In an interview with ABC News in September, a top UN official said his organization was deeply concerned about the outbreak, and was devoting resources to combat it. But he did not believe there was conclusive proof that the UN troops were responsible for carrying cholera into Haiti. Anthony Banbury, the assistant secretary general for field support, told ABC News that the UN commissioned four independent research studies with the goal of tracing the origins of the outbreak, but that it remained unclear if the troops were to blame, or if a backpacker or aid worker or tourist was ultimately at fault.
"We don't know if it was the U.N. troops or not," Banbury said. "That's the bottom line."
The Institute for Democracy in Haiti lays out its case in a 37-page complaint, which it filed with the UN under the rules established when the international body first deployed peacekeepers to Haiti. It describes how cholera is endemic in Nepal, how new Nepalese troops arrived in the village of Meille in October of 2010, how the troops failed to maintain sanitary conditions at their encampment, how witnesses described dark plumes of refuse leaching into a major waterway, and how cholera exploded in the region near the Meille camp in the weeks after their arrival.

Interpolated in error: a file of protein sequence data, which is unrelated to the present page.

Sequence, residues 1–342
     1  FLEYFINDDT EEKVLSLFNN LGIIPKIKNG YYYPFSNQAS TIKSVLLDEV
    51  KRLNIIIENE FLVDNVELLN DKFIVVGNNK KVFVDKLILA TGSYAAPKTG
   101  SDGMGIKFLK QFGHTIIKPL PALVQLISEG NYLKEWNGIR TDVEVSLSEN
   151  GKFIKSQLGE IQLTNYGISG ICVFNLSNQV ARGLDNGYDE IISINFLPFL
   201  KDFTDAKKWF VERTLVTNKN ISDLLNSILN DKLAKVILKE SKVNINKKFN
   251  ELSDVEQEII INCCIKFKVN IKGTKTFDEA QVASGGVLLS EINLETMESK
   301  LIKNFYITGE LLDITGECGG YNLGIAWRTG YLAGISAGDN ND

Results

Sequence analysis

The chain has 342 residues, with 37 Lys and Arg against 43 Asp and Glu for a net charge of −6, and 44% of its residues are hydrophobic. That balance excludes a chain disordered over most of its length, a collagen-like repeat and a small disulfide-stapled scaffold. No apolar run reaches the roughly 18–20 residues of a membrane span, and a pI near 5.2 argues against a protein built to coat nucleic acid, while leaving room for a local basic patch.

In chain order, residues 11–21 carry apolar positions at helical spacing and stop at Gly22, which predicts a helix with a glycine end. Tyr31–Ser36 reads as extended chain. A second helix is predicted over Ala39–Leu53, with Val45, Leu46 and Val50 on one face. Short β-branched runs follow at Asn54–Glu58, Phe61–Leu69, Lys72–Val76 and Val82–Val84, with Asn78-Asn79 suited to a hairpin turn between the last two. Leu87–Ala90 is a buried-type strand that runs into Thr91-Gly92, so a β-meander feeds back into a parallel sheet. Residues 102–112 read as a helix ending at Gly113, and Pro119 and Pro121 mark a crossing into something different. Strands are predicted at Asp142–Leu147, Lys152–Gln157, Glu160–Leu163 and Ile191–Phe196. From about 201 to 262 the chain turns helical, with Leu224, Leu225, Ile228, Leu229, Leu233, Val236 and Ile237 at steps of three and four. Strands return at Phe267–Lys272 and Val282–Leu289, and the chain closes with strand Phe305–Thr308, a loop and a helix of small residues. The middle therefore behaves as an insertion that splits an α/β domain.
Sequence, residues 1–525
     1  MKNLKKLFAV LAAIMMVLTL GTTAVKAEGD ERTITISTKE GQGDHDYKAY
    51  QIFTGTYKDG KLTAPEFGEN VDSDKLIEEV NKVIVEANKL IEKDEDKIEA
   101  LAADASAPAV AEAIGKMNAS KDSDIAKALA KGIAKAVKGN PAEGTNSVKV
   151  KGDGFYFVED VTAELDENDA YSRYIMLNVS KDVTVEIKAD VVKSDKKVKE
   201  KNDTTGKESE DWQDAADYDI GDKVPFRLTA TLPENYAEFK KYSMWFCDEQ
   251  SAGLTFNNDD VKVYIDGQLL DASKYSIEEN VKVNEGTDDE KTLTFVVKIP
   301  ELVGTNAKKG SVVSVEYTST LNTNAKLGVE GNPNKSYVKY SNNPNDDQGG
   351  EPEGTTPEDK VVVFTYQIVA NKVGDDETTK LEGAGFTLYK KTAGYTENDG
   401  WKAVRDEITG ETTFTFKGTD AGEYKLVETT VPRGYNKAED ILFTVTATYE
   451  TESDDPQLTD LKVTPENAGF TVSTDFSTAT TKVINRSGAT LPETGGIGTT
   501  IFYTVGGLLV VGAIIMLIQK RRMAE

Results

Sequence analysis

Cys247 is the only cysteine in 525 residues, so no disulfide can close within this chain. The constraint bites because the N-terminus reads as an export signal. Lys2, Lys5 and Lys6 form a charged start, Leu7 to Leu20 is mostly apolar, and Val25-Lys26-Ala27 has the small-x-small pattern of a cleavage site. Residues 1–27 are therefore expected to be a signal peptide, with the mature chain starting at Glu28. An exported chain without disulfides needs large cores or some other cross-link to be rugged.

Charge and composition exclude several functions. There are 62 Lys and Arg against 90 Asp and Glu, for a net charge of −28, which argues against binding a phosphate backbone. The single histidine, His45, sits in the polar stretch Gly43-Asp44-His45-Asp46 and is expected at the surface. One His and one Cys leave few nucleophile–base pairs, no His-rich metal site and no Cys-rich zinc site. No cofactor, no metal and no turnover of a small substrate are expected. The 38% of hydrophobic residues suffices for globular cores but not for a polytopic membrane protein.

Further, it cites numerous independent studies that match the strain of cholera to the one in Nepal using DNA and other evidence. One study, published in the medical journal The Lancet in July, found that all the evidence pointed to the Nepalese UN troops.
"There was an exact correlation in time and places between the arrival of a Nepalese battalion from an area experiencing a cholera outbreak and the appearance of the first cases in Meille a few days after," said the study by leading epidemiologist Renaud Piarroux. "The remoteness of Meille in central Haiti and the absence of report of other incomers make it unlikely that a cholera strain might have been brought there another way."
The advocacy group has asked the UN to empanel an independent claims commission to review their complaint, and award them a financial judgment to compensate victims for their suffering and economic losses. They are also seeking a greater investment by the UN in efforts to eradicate the deadly disease.